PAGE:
- The Washington Times - Friday, November 10, 2006


Sen. John McCain, considered the front-runner for the 2008 Republican presidential nomination, intends to launch an exploratory committee next week, party officials said yesterday.

The officials spoke on the condition of anonymity to avoid pre-empting a public statement from the four-term Arizona senator.

Mr. McCain, who unsuccessfully sought his party’s nomination in 2000, already has opened a bank account for the committee, one official said.

“The senator has made no decision about running for president,” said Eileen McMenamin, a spokeswoman for Mr. McCain.

Aides to Mr. McCain say the senator will discuss whether to seek the presidency with his family over the Christmas holiday, and make a final decision thereafter.

Establishing an exploratory committee allows a potential candidate to raise money for a White House run.

Mr. McCain is a former Navy pilot who was a prisoner of war in Vietnam. He was elected to the Senate in 1986, and served in the House for four years before that.

Since losing the Republican Party primary to Mr. Bush in 2000, the senator has alternately challenged and embraced the president, building an independent reputation.

After Republicans lost control of both the House and Senate on Tuesday, Mr. McCain called for a return to the conservative principles he said make up the foundations of the Republican Party.

“We came to Washington to change government and government changed us,” he said. “We departed rather tragically from our conservative principles.”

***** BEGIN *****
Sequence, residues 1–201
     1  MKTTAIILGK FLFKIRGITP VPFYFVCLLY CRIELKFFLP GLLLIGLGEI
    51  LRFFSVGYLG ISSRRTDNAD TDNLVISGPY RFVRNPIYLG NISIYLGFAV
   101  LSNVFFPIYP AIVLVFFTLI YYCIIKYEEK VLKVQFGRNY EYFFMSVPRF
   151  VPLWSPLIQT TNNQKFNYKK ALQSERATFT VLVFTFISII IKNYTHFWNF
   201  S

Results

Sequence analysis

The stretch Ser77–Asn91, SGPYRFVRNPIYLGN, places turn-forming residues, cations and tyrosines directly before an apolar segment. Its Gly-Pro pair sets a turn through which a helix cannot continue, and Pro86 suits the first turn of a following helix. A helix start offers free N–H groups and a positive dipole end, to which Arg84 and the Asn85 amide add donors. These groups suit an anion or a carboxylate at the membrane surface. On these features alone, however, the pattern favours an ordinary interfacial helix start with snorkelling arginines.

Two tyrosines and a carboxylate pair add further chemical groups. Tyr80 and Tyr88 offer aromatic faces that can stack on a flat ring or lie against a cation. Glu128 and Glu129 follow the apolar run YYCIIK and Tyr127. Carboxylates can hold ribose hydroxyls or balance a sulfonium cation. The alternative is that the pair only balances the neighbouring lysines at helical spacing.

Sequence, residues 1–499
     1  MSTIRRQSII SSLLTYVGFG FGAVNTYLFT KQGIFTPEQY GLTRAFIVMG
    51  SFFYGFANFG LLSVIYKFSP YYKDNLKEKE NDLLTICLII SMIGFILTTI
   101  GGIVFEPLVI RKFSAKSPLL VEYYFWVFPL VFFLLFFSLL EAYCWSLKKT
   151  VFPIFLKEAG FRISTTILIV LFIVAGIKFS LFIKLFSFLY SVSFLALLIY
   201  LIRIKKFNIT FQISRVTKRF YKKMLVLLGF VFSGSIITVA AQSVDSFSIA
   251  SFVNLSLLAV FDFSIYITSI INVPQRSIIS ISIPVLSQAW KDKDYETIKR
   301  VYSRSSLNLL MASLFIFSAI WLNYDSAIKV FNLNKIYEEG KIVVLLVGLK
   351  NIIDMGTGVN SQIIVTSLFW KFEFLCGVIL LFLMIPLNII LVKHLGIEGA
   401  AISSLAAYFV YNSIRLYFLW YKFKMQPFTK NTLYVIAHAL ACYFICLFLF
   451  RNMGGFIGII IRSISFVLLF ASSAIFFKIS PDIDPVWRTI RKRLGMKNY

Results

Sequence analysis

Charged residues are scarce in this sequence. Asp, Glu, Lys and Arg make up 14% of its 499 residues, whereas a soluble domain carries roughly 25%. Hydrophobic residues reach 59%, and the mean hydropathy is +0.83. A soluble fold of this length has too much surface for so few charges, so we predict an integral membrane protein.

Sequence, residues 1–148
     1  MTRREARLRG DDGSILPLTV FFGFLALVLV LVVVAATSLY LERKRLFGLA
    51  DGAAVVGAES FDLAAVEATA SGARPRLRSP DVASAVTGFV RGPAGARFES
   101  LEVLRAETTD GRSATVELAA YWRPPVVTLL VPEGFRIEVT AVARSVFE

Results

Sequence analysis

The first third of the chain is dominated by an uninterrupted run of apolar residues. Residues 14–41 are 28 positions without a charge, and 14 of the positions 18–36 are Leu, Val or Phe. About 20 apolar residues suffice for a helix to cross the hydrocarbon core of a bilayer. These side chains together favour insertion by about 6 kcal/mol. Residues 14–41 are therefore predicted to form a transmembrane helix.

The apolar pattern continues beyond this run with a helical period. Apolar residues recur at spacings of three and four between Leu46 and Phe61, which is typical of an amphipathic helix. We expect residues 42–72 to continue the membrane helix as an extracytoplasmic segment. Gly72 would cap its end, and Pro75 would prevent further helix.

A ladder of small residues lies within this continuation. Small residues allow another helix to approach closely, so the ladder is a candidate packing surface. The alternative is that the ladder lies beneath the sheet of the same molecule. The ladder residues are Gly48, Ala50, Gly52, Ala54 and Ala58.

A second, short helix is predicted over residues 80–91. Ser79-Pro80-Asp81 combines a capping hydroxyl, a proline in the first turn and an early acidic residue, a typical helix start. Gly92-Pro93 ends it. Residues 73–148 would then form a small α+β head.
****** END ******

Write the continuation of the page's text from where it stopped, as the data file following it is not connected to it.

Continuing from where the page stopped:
Mr. McCain urged the party to return to a time when it was known for careful stewardship of tax dollars, less government, less regulation, lower taxes, a strong defense, as well as community and family values.

The Republicans’ loss of power in the Senate was a double blow to Mr. McCain, who had been in line to become chairman of the powerful Senate Armed Services Committee in January. The panel’s top post overseeing the military would have given him a high-profile platform during wartime and in the year leading up to the 2008 elections.

The senator has spent the past year padding his Straight Talk America political action committee with supporters in the early primary states of Iowa, New Hampshire and South Carolina, and he has broadened his inner circle of advisers to include several strategists with ties to Mr. Bush.

During the 2006 election cycle, Mr. McCain worked to spread good will throughout the party, attending 346 events and raising more than $10.5 million on behalf of Republican candidates across the country. He also donated nearly $1.5 million to federal, state and county parties.

A full 15 months before the first primary contest in Iowa, Mr. McCain is considered the one to beat in a crowded field of potential Republican candidates. They include Massachusetts Gov. Mitt Romney, Senate Majority Leader Bill Frist of Tennessee, Arkansas Gov. Mike Huckabee, Sen. Sam Brownback of Kansas and former New York City Mayor Rudolph W. Giuliani.

An Associated Press-AOL News poll conducted late last month found Secretary of State Condoleezza Rice, Mr. Giuliani and Mr. McCain were essentially tied for support. Miss Rice has insisted that she will not run.

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